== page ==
In little over four months time Morocco will host Africa’s most prestigious tournament: the African Cup of Nations. However, there are significant question marks surrounding whether the Lions of the Atlas possess the credentials to go deep into their own tournament.
Having been one of Africa’s earlier developers in regards to footballing prowess – they were the first ever African nation to progress to the last 16 of a World Cup – the last 15 years have seen Morocco left behind by the continent’s elite. In many ways, they are Africa’s sleeping giant.
Since reaching the 1998 World Cup, a tournament which saw them only narrowly miss out on the second round, Morocco have for the large part barely threatened to make an appearance at football’s biggest showpiece. At the same time, since the losing 2004 AFCON final to hosts Tunisia, Morocco have failed to progress beyond the group stages at every subsequent tournament they have qualified for.
Underlining their AFCON strife is that since that second place showing a decade ago. The North Africans have won just twice in four tournament appearances, whilst in 2010 they suffered the ignominy of failing to even make the finals.
Recent history hardly hints at a changing of the tide, with Morocco finishing bottom of their 2013 AFCON group without claiming a win, in what was in reality a less than frightening group – South Africa, Cape Verde and Angola their opponents. Further to that, Morocco were a distinct second the Ivory Coast in the group stage round of qualification for the 2014 World Cup.
With all that considered, there is plenty of evidence to fuel Moroccan apprehension. Yet, on paper at least, they boast a squad with the potential to make a significant impact at their home tournament, particularly when accounting for the benefits of familiar conditions. Some of the more noteworthy European options at Morocco’s disposal include Mehdi Benatia, arguably the best defender the continent can offer, Younès Belhanda, Nabil El Zhar and Nordin Amrabat.
To counter that, though, personnel wise Morocco have consistently failed to produce performances that equal the sum of their parts. Granted, they can’t boast the luxuries of the likes of Ghana or Ivory Coast, but the squad they took to South Africa in 2013 without question boasted more than enough talent to negotiate the group stage.
In regards to competing with the bulk of Africa rather than the continent’s very best, Morocco’s main stumbling block has been moulding talented groups of players into cohesive units. Plenty have tried their hand at bucking that trend – since Henri Michel departed following a five year reign in 2000 no less than 13 coaches have tried their hand at the helm – but the majority though have failed miserably. The one exception, however ,is Badou Ezzaki, who between 2002 and 2005 led the Atlas Lions to that earlier mentioned 2004 AFCON runners-up slot and to the closest they have come to appearing at a World Cup since their last appearance – missing out to Tunisia by just a single point in pursuit of a spot at Germany 2006.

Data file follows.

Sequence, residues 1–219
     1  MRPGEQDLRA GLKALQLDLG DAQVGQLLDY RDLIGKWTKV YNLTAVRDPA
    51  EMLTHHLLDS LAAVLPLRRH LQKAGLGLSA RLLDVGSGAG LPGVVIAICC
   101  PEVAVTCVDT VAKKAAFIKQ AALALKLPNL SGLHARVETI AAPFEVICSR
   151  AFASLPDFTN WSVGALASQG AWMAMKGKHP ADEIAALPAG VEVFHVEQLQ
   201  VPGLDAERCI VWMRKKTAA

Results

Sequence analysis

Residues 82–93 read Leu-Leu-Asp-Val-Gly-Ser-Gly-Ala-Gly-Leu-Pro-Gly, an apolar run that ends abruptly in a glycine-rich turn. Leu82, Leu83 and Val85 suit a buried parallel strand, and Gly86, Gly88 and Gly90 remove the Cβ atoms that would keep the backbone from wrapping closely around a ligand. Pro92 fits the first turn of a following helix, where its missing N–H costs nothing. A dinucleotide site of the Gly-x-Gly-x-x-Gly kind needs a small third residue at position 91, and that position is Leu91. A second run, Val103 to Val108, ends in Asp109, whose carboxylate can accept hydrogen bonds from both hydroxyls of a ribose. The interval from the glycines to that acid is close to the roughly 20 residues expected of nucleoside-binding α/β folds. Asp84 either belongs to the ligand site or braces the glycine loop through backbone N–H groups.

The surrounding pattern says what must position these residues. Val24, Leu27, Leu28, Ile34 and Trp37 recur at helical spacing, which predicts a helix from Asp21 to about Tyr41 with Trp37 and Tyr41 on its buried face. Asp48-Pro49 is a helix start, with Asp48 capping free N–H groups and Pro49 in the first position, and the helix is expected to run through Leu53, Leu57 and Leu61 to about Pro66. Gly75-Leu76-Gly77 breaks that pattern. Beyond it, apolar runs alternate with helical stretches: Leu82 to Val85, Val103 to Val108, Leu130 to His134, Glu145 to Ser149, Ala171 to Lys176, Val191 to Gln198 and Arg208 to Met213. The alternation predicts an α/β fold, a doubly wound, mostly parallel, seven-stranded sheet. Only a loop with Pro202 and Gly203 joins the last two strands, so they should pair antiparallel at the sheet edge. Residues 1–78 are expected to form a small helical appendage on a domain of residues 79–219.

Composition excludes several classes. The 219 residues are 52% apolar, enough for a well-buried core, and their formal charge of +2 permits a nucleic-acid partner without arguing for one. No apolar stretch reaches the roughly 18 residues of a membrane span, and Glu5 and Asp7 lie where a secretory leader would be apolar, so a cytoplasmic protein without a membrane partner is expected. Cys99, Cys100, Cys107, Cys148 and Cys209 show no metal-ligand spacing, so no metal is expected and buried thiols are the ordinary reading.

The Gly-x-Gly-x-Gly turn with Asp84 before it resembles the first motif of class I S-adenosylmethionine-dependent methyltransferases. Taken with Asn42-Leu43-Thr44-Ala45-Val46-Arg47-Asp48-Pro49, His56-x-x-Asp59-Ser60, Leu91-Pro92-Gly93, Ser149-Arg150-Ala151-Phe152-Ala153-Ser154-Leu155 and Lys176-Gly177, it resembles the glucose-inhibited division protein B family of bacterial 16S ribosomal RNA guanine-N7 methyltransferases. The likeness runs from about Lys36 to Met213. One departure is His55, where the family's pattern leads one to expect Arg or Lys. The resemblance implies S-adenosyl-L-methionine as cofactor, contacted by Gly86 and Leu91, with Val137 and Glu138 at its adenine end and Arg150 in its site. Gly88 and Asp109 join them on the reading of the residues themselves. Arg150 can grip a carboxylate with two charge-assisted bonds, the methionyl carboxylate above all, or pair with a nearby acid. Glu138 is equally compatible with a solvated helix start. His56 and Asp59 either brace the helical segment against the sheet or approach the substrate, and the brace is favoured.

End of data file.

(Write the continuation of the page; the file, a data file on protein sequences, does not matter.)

It is perhaps therefore unsurprising that after a persistent run of disappointments the Moroccan hierarchy returned to Ezzaki, the man who also kept goal during Morocco’s most famous footballing chapter in Mexico 1986. Few men in Moroccan football can boast such a legacy, if any, therefore commanding respect should not be a problem, whilst in theory relating to the Moroccan psyche will be a non issue. Those are amongst the most substantial reasons in relation to why Ezzaki was favoured over a foreign appointment.
In spite of the clear positives, there are concerns. The most noteworthy being that Ezzaki’s recent managerial exploits are mixed at best , although that he has been in almost continuous employment domestically over the last decade should mean he is at least well versed in the modern game.
Home advantage certainly gives Ezzaki a hugely advantageous tool to utilise – the last two AFCONs held in North Africa have been won by the hosts. Nevertheless, both Algeria and Egypt should also both be well accustomed to the conditions. That edge will arguably see the Algerians go to Morocco as favourites with their young team only likely to be enhanced by their Brazilian adventure.
Like Algeria, Morocco have in recent years cast their net wide in search of eligible talent, utilising immigrant communities across Europe to identify players whom whilst born outside Morocco are qualified to represent the nation courtesy of ancestry. It has become the norm in modern day Moroccan squads, as is the case with many African nations, that the ratio of European born players significantly outweighs those who are completely home grown. The vast proportion of those dual nationals originally residing in either France, Belgium or the Netherlands. Of Morocco’s most recognisable talent, almost all are of European birth – Belhanda and Benatia just two examples of that with the pair learning their trade in France.
This multi-cultural makeup means the landscape has changed significantly since Ezzaki’s previous reign. In many ways, moulding a functioning cohesive unit is more testing now than it has ever been accounting for the varying cultures involved. Algeria though have proved gelling an effective collective from those widely residing resources is far from unattainable.
There is nothing to suggest that Morocco don’t have the capability to make a substantial splash in 2015 , particularly if the draw is kind. However, it is imperative that expectations are kept under wraps. Accounting their recent plight first and foremost, Ezzaki’s remit should be to make the last eight – something they have not done in five tournaments. Anything past that stage should be considered a bonus.
This article was written by Matt Carter. You can follow him on Twitter.